The principal problem with Trudeau's position in the instant case is that this court's previous findings of willfulness and deception were made in the context of civil contempt proceedings, which this court has recognized require a different and lesser standard of proof and level of intent than as required in a criminal contempt. Indeed, the court of appeals in this very case, in affirming this court's finding of contempt, has stated that Trudeau "falsely described the weight loss protocol," that Trudeau "repeatedly distorted the content of the Weight Loss Cure book in multiple infomercials," and that Trudeau "outright lied." See Trudeau I at 767, 768, 767. The court of appeals' findings are no less prejudicial or indicative of a need to recuse than this court's findings on the same subject. The dictionary definition of a "lie" is "to make an untrue statement with intent to deceive." Websters Third New Int'l Dictionary 1305 (1993). If anything, the language employed by the court of appeals is an even stronger condemnation of Trudeau's conduct than expressed by the undersigned judge. Trudeau's repeated provocations and disregard of this court's orders cannot entitle him to a different judge or judges on this or any other court.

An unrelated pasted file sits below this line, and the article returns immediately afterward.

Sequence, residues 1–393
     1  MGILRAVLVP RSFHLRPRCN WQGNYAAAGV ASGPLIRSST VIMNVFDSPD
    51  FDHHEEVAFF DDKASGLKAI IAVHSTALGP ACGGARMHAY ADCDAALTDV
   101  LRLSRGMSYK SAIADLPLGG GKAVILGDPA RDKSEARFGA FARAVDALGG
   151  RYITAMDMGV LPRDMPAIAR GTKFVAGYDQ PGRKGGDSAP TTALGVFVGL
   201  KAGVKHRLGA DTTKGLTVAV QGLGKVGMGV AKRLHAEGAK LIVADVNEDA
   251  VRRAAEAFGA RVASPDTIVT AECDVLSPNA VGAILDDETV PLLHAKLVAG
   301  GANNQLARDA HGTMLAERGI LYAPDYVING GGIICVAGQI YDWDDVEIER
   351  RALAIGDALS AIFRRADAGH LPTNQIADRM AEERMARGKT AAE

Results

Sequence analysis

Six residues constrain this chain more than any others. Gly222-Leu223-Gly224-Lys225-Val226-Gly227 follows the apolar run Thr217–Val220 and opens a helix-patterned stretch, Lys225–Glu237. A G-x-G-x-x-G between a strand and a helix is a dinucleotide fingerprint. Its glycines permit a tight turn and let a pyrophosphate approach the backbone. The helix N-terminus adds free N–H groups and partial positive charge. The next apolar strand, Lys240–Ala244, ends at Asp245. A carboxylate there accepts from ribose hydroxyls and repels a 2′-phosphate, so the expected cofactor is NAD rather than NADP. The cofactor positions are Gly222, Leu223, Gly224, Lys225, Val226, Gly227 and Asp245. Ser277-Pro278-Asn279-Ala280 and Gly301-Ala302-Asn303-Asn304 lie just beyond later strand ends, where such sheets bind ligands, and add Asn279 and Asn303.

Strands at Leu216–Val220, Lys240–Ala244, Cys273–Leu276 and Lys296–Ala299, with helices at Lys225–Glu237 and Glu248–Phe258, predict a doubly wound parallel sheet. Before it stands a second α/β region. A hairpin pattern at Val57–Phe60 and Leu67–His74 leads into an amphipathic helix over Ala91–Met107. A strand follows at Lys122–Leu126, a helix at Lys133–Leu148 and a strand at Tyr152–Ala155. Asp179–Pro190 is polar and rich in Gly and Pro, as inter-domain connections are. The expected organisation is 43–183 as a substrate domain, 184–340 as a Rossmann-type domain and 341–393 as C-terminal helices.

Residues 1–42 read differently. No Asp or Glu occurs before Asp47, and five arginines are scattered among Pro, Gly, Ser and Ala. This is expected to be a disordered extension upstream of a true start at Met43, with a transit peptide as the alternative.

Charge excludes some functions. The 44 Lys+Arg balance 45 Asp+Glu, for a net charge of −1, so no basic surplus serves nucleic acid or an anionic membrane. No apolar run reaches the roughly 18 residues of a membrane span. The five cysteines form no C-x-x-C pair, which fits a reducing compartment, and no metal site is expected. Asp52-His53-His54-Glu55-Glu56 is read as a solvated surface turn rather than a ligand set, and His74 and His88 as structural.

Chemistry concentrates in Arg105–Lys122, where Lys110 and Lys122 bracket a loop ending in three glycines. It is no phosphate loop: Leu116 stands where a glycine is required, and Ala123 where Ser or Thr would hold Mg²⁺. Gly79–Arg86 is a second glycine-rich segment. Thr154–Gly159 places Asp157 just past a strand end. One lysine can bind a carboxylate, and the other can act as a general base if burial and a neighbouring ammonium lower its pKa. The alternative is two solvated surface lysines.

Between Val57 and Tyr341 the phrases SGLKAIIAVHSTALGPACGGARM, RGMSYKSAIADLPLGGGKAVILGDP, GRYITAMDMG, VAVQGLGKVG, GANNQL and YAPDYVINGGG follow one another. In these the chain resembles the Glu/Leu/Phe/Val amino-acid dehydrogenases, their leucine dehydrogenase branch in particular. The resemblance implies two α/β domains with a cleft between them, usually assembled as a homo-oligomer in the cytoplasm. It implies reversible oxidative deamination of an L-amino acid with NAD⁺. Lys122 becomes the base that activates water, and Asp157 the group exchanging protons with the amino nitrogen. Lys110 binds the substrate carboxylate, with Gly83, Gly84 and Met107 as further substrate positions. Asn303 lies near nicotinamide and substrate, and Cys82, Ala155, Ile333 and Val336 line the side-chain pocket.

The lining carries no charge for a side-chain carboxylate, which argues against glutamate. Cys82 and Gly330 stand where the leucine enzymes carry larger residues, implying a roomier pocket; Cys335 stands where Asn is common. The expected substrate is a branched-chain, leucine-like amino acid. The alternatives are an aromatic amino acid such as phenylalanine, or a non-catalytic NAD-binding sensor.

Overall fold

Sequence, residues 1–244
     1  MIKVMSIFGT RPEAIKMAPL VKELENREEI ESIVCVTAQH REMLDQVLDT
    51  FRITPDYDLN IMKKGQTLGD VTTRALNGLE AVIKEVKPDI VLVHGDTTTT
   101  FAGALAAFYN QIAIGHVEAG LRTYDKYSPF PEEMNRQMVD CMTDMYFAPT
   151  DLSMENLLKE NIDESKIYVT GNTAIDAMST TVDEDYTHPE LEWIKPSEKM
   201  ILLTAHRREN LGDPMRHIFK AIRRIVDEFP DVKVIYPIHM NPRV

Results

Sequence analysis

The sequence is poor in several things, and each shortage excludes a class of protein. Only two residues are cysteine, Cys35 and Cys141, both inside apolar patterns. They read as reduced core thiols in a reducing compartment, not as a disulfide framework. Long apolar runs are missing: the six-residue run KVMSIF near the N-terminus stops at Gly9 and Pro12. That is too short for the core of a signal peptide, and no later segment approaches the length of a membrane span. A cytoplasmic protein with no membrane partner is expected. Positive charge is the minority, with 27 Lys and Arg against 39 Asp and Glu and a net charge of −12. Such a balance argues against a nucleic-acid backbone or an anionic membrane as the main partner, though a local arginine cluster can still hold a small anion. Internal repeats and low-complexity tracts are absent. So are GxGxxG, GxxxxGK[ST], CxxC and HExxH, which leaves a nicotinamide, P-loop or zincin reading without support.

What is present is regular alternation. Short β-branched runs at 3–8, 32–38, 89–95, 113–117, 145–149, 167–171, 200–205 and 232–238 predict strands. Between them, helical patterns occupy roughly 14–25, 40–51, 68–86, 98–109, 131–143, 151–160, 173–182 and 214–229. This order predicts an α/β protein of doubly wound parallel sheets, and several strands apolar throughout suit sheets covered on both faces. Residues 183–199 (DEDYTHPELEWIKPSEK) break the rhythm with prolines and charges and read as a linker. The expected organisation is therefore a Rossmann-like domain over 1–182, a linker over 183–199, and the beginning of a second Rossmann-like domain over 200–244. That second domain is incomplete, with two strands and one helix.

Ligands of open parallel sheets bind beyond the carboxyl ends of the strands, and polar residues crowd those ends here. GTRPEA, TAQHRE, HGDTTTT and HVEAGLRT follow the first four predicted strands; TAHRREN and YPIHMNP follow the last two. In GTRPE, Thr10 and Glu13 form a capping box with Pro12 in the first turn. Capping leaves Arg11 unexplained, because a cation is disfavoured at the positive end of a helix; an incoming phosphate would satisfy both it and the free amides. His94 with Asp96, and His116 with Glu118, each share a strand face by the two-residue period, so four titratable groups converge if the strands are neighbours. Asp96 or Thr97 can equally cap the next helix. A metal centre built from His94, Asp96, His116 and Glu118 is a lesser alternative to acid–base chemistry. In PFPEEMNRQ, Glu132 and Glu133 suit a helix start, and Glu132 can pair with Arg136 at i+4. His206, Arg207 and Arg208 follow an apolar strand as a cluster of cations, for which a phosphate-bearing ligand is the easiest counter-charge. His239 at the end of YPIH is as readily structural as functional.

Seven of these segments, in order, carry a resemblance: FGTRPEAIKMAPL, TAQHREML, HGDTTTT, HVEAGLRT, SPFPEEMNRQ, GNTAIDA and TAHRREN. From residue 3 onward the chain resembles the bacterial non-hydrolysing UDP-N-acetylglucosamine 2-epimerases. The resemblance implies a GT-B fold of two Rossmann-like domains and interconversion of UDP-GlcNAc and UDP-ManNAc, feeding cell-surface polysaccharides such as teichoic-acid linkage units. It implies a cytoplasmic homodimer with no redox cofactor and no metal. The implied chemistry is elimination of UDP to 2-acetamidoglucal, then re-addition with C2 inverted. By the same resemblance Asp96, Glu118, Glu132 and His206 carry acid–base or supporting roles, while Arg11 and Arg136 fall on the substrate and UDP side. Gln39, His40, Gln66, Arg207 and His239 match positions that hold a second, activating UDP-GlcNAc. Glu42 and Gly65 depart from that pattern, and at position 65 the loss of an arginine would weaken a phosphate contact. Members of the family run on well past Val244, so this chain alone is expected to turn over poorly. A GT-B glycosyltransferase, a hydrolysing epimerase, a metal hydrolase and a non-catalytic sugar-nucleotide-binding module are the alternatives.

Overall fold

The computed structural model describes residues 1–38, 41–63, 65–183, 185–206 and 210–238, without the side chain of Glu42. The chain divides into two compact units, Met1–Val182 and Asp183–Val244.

For these reasons, the court overrules Trudeau's objections to the Show Cause Order and denies his motion to recuse.

Robert W. Gettleman United States District Judge